The Ultimate Guide to RV Shopping

The Ultimate Guide to RV Shopping

All the resources you need to find and purchase the perfect RV for your budget and lifestyle.

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RV Shopping by Roadpass University

Interested in buying an RV, but not sure where to begin? Roadpass University's RV Shopping course walks you through the whole process.

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What Type of RVer Are You?

RV manufacturers and parks design their rigs and services around different types of RVers. Take the quiz to see what type of RVer you are.

Which RV Type Is Right for Me?

Which RV Type Is Right for Me?

Find everything from pricing to floor plans for each RV type.

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RV Types Explained

RV stands for “recreational vehicle.” This includes motorhomes, trailers, and more—any camping unit on wheels. There are two main types of RVs: motorhomes and towables. Within these categories are more specific RV types.

Class A

Class A motorhomes are constructed on a chassis that has a bus-like shape. They can be the most expensive and luxurious of all RV types because the chassis can handle the added weight of expensive finishes and heavy appliances.

Class B

Class Bs are vans that have been converted into living spaces. They’re easy to drive and often fit into a regular parking space. Class B travelers rarely tow anything, opting to break camp when they need to relocate. If traveling light and fast is appealing, a Class B might be for you.

Class C

Class Cs are usually built on a medium-duty truck chassis and typically have an area above the front cab that serves as an extra bunk or storage space. Like Class As and Bs, they offer a more comfortable ride and serve as the middle ground between a larger motorhome and a van.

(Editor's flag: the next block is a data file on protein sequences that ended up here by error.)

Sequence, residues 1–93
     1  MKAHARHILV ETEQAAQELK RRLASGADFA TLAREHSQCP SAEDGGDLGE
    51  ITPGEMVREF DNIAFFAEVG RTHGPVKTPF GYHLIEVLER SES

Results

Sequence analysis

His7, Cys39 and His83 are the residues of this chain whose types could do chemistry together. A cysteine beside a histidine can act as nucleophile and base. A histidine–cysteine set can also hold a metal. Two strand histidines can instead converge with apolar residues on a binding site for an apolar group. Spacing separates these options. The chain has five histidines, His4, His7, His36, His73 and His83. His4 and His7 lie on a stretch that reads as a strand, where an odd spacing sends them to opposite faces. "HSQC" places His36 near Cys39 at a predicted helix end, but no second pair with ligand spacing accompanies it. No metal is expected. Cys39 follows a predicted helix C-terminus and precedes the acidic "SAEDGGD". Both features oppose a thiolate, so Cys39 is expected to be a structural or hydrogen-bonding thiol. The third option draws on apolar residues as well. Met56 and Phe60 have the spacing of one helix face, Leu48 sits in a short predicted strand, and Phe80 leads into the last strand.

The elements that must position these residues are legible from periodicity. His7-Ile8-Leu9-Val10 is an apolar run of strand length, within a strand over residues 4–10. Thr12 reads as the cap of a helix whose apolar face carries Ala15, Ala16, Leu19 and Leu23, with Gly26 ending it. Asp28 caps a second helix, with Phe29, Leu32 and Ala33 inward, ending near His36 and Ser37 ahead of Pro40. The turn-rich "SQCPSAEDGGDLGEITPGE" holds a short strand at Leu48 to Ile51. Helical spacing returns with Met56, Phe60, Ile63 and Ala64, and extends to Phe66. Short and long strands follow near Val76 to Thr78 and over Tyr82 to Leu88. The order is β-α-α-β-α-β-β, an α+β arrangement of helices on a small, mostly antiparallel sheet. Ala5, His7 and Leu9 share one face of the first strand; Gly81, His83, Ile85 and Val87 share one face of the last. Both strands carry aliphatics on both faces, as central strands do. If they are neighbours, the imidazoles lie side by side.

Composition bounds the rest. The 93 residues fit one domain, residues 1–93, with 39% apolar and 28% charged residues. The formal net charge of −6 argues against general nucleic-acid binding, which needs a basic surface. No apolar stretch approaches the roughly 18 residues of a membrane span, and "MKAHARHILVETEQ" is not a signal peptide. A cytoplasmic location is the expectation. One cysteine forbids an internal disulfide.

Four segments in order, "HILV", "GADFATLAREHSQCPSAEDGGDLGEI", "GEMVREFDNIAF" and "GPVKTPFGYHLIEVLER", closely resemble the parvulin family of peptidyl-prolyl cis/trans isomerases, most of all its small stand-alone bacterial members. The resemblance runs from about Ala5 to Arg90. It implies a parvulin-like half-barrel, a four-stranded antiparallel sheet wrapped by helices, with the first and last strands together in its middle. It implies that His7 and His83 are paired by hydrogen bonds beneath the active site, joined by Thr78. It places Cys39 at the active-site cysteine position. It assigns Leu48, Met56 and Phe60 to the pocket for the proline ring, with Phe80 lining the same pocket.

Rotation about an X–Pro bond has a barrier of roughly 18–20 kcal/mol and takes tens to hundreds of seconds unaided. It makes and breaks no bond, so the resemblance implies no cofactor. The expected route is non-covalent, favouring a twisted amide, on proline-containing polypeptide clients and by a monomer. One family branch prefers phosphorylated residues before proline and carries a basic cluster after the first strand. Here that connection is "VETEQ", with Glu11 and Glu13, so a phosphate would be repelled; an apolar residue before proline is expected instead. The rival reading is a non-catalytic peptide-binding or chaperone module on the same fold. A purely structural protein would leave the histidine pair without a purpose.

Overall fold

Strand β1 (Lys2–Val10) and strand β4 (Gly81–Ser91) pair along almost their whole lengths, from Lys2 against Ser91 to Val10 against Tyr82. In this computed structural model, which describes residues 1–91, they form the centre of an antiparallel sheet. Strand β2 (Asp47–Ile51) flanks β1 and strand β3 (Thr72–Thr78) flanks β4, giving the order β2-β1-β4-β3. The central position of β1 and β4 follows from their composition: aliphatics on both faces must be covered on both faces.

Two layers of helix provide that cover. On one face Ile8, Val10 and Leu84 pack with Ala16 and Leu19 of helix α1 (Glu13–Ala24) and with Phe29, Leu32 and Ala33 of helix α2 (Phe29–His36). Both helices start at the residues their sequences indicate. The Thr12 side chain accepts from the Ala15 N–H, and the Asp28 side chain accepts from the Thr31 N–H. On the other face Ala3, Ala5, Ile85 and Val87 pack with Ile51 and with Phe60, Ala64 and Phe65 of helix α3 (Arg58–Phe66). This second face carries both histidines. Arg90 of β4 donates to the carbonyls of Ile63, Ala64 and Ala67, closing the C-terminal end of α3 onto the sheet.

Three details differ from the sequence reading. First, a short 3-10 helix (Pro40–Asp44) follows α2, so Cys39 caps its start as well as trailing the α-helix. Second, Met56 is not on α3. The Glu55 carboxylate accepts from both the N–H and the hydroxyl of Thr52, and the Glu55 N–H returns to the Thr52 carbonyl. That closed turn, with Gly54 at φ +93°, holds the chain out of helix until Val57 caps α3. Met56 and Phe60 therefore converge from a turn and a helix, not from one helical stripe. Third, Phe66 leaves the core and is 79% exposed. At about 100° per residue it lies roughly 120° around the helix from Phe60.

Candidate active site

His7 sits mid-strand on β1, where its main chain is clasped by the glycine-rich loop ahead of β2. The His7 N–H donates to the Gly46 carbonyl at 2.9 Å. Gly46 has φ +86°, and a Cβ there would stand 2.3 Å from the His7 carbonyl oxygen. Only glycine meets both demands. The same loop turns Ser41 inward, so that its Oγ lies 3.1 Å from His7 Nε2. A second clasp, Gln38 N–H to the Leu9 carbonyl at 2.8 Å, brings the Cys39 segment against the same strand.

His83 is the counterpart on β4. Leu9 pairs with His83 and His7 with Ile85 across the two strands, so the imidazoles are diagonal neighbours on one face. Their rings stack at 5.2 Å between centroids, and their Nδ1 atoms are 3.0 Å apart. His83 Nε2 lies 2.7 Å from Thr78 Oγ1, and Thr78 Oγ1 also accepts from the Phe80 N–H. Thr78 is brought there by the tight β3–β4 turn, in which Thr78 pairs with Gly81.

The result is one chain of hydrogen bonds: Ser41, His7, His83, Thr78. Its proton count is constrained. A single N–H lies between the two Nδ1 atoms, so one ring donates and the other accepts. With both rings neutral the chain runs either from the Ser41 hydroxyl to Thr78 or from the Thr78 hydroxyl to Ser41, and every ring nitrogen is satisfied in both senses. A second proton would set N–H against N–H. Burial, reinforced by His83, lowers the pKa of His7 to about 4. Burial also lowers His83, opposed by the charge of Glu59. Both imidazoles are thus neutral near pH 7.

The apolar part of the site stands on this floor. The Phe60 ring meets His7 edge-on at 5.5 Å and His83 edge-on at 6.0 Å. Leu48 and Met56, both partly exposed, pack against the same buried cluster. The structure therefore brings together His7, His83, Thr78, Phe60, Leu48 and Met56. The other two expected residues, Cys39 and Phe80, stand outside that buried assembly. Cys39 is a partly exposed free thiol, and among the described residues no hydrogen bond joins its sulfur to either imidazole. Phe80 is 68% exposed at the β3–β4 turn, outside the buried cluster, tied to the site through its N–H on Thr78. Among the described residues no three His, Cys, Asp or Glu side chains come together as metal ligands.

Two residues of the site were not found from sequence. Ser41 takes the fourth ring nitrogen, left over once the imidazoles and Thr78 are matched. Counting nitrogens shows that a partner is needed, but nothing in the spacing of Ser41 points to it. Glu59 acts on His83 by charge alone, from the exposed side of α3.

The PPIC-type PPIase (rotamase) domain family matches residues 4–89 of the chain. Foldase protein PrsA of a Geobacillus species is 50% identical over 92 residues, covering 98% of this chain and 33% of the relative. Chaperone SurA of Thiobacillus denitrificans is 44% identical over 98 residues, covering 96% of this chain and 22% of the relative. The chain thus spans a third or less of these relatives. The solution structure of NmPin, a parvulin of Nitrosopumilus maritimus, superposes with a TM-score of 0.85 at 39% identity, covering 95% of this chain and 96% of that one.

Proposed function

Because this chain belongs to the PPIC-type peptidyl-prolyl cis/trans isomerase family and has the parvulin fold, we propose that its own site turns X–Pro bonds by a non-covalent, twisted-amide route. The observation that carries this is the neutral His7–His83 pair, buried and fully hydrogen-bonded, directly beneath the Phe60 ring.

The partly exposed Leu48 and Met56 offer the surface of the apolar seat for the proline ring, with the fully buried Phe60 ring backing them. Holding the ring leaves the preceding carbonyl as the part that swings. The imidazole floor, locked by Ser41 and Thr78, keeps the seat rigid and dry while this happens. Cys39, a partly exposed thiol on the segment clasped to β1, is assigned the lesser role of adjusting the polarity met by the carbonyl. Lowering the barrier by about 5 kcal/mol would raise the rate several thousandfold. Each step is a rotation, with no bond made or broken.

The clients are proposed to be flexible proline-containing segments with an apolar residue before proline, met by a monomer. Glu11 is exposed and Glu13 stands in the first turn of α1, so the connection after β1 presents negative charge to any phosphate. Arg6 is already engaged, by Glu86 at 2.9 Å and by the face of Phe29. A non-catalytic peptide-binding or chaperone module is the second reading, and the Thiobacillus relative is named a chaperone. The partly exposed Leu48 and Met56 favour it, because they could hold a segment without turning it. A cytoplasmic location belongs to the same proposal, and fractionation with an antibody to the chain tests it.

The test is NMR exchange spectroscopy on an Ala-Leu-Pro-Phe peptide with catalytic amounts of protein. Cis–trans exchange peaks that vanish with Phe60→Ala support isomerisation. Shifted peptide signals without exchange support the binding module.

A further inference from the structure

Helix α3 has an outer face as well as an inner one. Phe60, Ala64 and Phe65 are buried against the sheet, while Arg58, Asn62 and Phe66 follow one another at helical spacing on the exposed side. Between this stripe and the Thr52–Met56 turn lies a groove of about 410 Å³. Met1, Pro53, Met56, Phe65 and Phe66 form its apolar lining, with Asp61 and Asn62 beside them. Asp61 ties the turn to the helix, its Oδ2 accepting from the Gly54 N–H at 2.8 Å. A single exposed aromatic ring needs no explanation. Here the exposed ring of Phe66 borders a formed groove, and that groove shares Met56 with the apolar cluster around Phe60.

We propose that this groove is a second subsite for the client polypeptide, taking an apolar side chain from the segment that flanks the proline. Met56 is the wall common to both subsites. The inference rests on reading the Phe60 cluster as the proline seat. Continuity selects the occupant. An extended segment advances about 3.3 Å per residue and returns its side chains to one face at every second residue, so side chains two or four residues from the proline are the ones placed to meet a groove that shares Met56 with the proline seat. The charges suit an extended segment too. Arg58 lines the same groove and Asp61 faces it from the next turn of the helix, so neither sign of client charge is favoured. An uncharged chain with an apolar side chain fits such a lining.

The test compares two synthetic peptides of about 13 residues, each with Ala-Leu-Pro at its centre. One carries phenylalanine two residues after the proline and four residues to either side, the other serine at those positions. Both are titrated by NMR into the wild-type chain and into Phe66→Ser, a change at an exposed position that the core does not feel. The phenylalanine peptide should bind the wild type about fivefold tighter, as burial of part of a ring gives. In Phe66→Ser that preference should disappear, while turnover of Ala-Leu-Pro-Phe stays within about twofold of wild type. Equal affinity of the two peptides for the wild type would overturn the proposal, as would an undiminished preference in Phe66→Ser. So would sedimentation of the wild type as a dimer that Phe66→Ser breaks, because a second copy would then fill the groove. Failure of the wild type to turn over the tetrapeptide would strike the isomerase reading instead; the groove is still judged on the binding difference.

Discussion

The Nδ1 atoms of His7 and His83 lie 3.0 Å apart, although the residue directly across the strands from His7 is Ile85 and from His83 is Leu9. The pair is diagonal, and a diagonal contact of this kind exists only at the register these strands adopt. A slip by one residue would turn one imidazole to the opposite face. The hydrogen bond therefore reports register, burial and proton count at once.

Travel Trailer

Conventional travel trailers are pulled from a mounted hitch located below the bumper on a truck. Trailers are extremely popular, so there are tons of brands and options.

Fifth Wheel

Fifth wheels are named for their hitch, which is located in the bed of the truck and bolted through the frame. Part of the trailer overhangs the truck bed. Fifth wheels can be much heavier and taller than a conventional travel trailer.

Truck Camper

Truck campers physically slide into the truck bed and ride on top of it. Like Class Bs, you can drive and park them pretty much anywhere and setup is relatively easy with retractable legs. Though compact, truck campers offer quite a bit of space—some models even have slide-outs to expand the interior space.

RV Purchasing Considerations

Before you dive into your RV purchase, make sure you ask yourself some serious questions and consider testing out the lifestyle with a rental.

Reasons Why You Should Own an RV

RV travel lets you hit the road when you want, where you want, without worrying about things like baggage fees, security lines, or pricey hotel stays. Plus, it’s a great way to bring your whole family along for the adventure, including your four-legged friends.

Inspections, Insurance, and Walkthroughs

From insuring your rig to driving it off the lot, here’s the nitty-gritty of what you need to know.